Summary: We randomly assigned 23 older adults with Mild Cognitive Impairment to either a high carbohydrate or very low carbohydrate diet. Following the six-week intervention period, we observed improved verbal memory performance for the low carbohydrate subjects (p = 0.01) as well as reductions in weight (p < 0.0001), waist circumference (p < 0.0001), fasting glucose (p = 0.009), and fasting insulin (p = 0.005). Level of depressive symptoms was not affected. Change in calorie intake, insulin level, and weight were not correlated with memory performance for the entire sample, although a trend toward a moderate relationship between insulin and memory was observed within the low carbohydrate group. Ketone levels were positively correlated with memory performance (p = 0.04). These findings indicate that very low carbohydrate consumption, even in the short-term, can improve memory function in older adults with increased risk for Alzheimer’s disease. While this effect may be attributable in part to correction of hyperinsulinemia, other mechanisms associated with ketosis such as reduced inflammation and enhanced energy metabolism also may have contributed to improved neurocognitive function. Further investigation of this intervention is warranted to evaluate its preventive potential and mechanisms of action in the context of early neurodegeneration.

Key Takeaways

Low carbohydrate ketogenic diets showed improved memory, weight loss, blood sugar, and fasting insulin in adults with mild cognitive impairment. Further research is needed to determine whether the improvement is due to correction of high insulin levels, or the reduction in inflammation brought about by the ketosis.

Ketogenic Diet Improves Memory in Adults With Cognitive Impairment

Intermittent fasting from dawn to sunset for 30 consecutive days is associated with anticancer proteomic signature and upregulates key regulatory proteins of glucose and lipid metabolism, circadian clock, DNA repair, cytoskeleton remodeling, immune system and cognitive function in healthy subjects

URL: https://www.sciencedirect.com/science/article/pii/S1874391920300130

Journal: Journal of Proteomics

Date of Publication: 04/2020

Summary: Murine studies showed that disruption of circadian clock rhythmicity could lead to cancer and metabolic syndrome. Time-restricted feeding can reset the disrupted clock rhythm, protect against cancer and metabolic syndrome. Based on these observations, we hypothesized that intermittent fasting for several consecutive days without calorie restriction in humans would induce an anticarcinogenic proteome and the key regulatory proteins of glucose and lipid metabolism. Fourteen healthy subjects fasted from dawn to sunset for over 14 h daily. Fasting duration was 30 consecutive days. Serum samples were collected before 30-day intermittent fasting, at the end of 4th week during 30-day intermittent fasting, and one week after 30-day intermittent fasting. An untargeted serum proteomic profiling was performed using ultra high-performance liquid chromatography/tandem mass spectrometry. Our results showed that 30-day intermittent fasting was associated with an anticancer serum proteomic signature, upregulated key regulatory proteins of glucose and lipid metabolism, circadian clock, DNA repair, cytoskeleton remodeling, immune system, and cognitive function, and resulted in a serum proteome protective against cancer, metabolic syndrome, inflammation, Alzheimer’s disease, and several neuropsychiatric disorders. These findings suggest that fasting from dawn to sunset for 30 consecutive days can be preventive and adjunct therapy in cancer, metabolic syndrome, and several cognitive and neuropsychiatric diseases.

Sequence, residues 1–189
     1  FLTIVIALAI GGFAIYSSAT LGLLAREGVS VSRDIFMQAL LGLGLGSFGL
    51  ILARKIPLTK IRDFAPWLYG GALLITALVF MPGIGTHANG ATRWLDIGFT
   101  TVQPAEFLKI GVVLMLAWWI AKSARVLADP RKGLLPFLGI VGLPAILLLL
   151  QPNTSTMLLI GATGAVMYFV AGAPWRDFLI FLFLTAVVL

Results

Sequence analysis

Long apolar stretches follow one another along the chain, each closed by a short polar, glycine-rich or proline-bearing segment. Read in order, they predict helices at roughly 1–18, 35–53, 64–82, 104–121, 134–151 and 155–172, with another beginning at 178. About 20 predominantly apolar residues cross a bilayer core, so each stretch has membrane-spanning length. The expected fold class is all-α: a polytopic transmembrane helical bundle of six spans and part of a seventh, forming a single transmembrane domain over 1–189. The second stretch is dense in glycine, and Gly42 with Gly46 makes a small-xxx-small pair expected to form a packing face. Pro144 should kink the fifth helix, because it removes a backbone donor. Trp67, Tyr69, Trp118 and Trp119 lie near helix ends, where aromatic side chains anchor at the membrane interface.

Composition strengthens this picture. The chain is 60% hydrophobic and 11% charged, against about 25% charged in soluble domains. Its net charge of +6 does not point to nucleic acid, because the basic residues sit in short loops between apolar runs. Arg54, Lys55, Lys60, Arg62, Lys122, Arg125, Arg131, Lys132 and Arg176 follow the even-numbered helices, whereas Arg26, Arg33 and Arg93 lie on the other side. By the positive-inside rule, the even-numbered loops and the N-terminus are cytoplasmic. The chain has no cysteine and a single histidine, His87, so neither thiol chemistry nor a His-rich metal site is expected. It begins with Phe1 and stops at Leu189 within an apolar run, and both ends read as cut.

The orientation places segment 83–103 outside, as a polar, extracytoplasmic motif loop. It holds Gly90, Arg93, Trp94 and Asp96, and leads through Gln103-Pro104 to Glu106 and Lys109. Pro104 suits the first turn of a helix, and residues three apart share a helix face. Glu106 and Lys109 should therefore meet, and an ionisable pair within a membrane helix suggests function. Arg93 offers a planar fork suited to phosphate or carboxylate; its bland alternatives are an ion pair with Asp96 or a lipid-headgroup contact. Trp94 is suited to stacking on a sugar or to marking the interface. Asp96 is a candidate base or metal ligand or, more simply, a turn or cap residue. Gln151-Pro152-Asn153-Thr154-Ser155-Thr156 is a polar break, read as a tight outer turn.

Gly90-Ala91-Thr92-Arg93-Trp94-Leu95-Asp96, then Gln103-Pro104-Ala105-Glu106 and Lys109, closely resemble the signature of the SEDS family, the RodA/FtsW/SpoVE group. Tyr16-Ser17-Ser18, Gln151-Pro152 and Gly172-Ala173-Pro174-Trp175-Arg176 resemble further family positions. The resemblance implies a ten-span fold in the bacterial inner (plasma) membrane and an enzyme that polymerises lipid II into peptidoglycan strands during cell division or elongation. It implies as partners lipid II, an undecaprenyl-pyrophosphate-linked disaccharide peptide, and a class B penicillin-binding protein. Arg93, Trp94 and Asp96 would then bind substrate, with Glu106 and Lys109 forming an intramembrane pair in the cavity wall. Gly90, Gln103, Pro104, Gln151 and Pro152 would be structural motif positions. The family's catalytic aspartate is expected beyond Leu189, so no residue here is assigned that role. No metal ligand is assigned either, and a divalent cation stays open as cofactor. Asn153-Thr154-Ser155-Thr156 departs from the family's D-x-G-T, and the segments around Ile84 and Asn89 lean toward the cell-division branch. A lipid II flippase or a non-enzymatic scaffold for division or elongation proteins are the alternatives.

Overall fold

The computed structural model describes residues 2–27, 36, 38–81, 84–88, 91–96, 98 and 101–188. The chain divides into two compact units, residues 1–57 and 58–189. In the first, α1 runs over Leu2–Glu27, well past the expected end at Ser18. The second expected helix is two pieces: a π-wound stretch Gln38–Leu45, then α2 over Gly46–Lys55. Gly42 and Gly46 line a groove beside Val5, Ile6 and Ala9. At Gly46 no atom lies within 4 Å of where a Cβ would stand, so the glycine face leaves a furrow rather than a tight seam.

Key Takeaways

14 hour daily fasting from daw to sunset for 30 days showed upregulation of metabolic proteins, DNA repair enzymes, immune function, cognitive function, and circadian rhythm. This fasting regimen was also associated with protective effects against cancer, metabolic syndrome, inflammation, Alzheimer's disease, and psychiatric disorders.

Daily 14 Hour Fasting Provides a Host of Health Benefits

Menaquinone-4 Suppresses Lipopolysaccharide-Induced Inflammation in MG6 Mouse Microglia-Derived Cells by Inhibiting the NF-κB Signaling Pathway

URL: https://www.ncbi.nlm.nih.gov/pmc/articles/PMC6540242/

Journal: International Journal of Molecular Sciences

Publication Date: 05/2019

Summary: Alzheimer’s disease is associated with glial inflammation. In a rat model, MK-4, a subtype of Vitamin K2, reduced the inflammatory response of glial cells to LPS exposure.

Key Takeaways

Vitamin K2 is a nutrient found only in animal foods that reduced brain inflammation in rat models.

Vitamin K2 May Reduce Brain Inflammation, Where Can I Get It?

Ketogenic diet rescues cognition in ApoE4+ patient with mild Alzheimer’s disease: A case study

URL: https://www.sciencedirect.com/science/article/abs/pii/S1871402118306684?via%3Dihub

Journal: Diabetes & Metabolic Syndrome: Clinical Research & Reviews

Publication Date: 03/2019

Summary: The significant results in both MetS biomarkers and the MoCA score suggest that a ketogenic diet may serve to rescue cognition in patients with mild AD. The results of this case study are particularly compelling for ApoE4 positive (ApoE4+) subjects as ketogenic protocols extend hope and promise for AD prevention.

Key Takeaways

ApoE4 is a genetic marker that is thought to increase one's risk for Alzheimer's disease. A ketogenic diet showed improvement in cognitive performance in ApoE4 positive patients with mild cognitive impairment.

Do You Have The ApoE4 Gene? Try Switching To a Ketogenic Diet For Alzheimer's Prevention

Nutrition and Alzheimer’s disease: The detrimental role of a high carbohydrate diet

URL: https://people.csail.mit.edu/seneff/EJIM_PUBLISHED.pdf

Journal: European Journal of Internal Medicine

Publication Date: 04/2011

Summary: A review of the role of an excess of dietary carbohydrates and deficiency of dietary fats and cholesterol in the development of Alzheimer’s disease.

Key Takeaways

Eating too many carbohydrates and not enough fats and cholesterol can lead to the development of Alzheimer's disease.

High Carbohydrate Low Fat Diets Are Risky For Alzheimer's Development

Hyperinsulinemia and risk of Alzheimer disease

URL: https://www.ncbi.nlm.nih.gov/m/pubmed/15477536/

Journal: Neurology

Publication Date: 11/2004

Summary: Observational study of 683 American men >65 years old without dementia at baseline. Hyperinsulinemia is associated with a higher risk of AD and decline in memory.

Key Takeaways

After studying 683 Americans above the age of 65, there was an association between high insulin levels and risk of Alzheimer's disease and decreased memory.

Alzheimer's Disease: Sometimes Called Type 3 Diabetes Due To Its Association With High Insulin